I got a rear-tyre blowout recently using Conti GP5000S TR - near-slick tyre. Whilst I typically use these tubeless I had recently had a puncture and had to insert an inner-tube temporarily which I hadn't got around to replacing. After the blowout the tyre was irreparable as it had a 5mm tear on the tread, but when checking the inner tube my friend noticed that there was a sizeable stone inside the inner tube. I've tried to figure out how the hell the stone got in there!! The hole in the tyre was too small for the stone to pass through from the road. Even if it had, then it would've had to puncture the tyre, then the tube, and then insert itself into the tube fully within a split second.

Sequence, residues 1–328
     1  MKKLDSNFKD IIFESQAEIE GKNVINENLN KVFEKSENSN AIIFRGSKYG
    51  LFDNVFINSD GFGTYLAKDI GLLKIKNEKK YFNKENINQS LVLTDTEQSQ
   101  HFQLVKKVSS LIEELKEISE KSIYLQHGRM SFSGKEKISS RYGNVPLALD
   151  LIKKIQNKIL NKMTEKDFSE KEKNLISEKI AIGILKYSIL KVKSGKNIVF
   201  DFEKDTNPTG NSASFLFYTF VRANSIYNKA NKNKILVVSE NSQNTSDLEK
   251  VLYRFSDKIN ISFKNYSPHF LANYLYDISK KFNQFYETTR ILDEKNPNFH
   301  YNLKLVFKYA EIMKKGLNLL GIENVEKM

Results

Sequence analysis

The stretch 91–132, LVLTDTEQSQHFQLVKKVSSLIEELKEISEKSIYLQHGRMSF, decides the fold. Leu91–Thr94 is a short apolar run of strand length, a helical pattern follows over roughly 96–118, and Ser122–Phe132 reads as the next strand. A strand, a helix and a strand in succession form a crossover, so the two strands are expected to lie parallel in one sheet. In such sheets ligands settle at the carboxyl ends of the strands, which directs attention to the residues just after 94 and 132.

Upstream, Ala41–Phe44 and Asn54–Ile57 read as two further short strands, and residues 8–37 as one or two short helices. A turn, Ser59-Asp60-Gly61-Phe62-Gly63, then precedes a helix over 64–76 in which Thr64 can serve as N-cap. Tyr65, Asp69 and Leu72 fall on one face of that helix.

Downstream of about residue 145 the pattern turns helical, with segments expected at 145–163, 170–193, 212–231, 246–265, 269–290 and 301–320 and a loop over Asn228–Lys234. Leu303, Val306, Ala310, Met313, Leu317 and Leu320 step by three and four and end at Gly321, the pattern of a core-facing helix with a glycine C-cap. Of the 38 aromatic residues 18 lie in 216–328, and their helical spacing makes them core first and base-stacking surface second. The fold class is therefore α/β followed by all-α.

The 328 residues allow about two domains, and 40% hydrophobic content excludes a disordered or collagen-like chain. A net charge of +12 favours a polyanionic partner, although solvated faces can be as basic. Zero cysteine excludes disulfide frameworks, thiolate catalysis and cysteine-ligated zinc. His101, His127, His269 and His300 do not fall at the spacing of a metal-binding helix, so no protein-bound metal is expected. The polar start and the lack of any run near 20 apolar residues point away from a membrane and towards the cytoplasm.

I don't understand the physics of how that could be possible on a rotating wheel. Nothing stacks up for me. The best I can think of is that the stone was in there from manufacturing; but how the hell didn't I notice it when inserting the inner tube? I guess it's possible.
(The stone is shown in the photo)